Over the years, beginning in 2008, I have drawn dirigibles. The verve to do so had seemed to come from ‘nowhere.’ So for this installation, I explored possibilities as to what had drawn me to these ‘lighter than air’ vessels.
My journey for answers led me to “The Deltoid Pumpkin Seed” by John McPhee and it was through that odd book that I began to understand a sympathy for the ‘lost cause.’ The book chronicles, airship Deltoid 7 (among others), which never got off the ground.
The dried and withered fruit and vegetables in this wall installation are part a collection that began 2 years ago with a dry shriveled beet I found under a shelf at work and was struck by its beauty.
These unknown, hidden, dried up and inert lumps in our histories are somehow comforting to me. Flightless is my own beautiful, encumbered vessel that was shown at the flynndog in 2014.
The work comprised a variety of dried fruits and vegetables as well as ink on a 15' X 20' wall.
The work of gluing my hair onto paper was born during an extended period of intense pain in my jaw and head. The methodical repetitive motion was a restorative process. Meditative. The act of gluing an individual hair represents a microcosm of the mind/body tension. Hair, with its own body and me, my will: with every hair I put down there is a necessary effort to collaborate with one's self. A gentle wrestling of wills. The drawings are records of both tangible and intangible aspects of the self. I glued hair into sinuous patterns and simple pathways in books, on compact cards compiled into sheaves and onto large paper.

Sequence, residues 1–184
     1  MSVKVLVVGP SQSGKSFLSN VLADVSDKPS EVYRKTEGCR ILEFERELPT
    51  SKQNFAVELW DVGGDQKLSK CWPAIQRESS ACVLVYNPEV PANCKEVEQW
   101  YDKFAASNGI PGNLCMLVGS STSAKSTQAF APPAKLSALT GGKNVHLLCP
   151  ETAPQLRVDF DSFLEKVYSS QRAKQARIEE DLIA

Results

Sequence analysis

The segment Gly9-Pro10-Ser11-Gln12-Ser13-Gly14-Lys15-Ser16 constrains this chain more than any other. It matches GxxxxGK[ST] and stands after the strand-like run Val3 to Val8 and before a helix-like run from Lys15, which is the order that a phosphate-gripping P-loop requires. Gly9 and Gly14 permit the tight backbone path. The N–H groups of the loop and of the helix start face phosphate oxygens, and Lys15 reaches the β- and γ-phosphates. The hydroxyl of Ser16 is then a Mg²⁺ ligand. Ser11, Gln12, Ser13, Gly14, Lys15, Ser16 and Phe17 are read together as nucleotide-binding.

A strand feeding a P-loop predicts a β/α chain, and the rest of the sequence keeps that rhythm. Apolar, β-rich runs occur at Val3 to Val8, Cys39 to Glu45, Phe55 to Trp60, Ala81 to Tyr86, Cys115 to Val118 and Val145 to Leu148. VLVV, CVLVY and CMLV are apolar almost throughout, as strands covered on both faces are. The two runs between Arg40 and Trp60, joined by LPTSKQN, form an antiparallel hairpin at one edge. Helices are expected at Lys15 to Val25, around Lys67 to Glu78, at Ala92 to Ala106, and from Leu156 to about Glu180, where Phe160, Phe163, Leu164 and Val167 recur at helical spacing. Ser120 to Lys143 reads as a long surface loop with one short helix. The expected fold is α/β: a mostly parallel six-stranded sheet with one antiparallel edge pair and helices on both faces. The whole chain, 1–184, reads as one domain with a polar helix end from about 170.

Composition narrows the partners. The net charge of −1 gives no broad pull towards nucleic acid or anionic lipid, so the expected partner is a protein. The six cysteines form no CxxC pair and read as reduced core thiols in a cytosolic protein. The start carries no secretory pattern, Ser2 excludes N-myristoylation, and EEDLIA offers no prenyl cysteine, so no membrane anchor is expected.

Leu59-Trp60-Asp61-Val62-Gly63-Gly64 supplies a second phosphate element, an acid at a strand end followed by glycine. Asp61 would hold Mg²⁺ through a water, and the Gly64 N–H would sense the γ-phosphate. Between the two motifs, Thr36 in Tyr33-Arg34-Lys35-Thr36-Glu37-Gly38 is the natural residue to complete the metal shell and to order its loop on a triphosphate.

This piece, installed at Quench Space, May 2012. comprised of approximately 2000 weathered cloths pins and 100 collage prints. The inspiration for this piece came from the letters of my aunt which I had been extracting words and phases from, as well as the clothespin in its inactive position. There were particular words my aunt used that embodied this active/inactive tension of one's daily life.
I transformed 20 years of journals into 3 accordion 'books'. The process involved disassembling the journal then reading each page and upon completion - I folded the page into fours. It took six months to read and fold everything - the best free therapy I've had. I then sewed the pages together to form an accordion. I built the 3 'tombs,' 20 x 5 x 7" out of book board and book cloth to house the transformed pages.
From September 2008 to November 2009 I did a 'daily drawing.' I worked on 6 x 6" acid free paper with micron pens. The drawings morphed from theme to theme - each one lasting 2 to 4 weeks - the time it took to 'birth' the next.
I have been making monoprints since 2001 and enjoyed the immediacy of the process. I appreciate the layering - the 'accidents' that can happen in a monoprint (as oppose my experience painting) The monochromatic images here are using an oil based ink with a water base India ink and water. Sizes range from 15 x 11" to 7 x 5".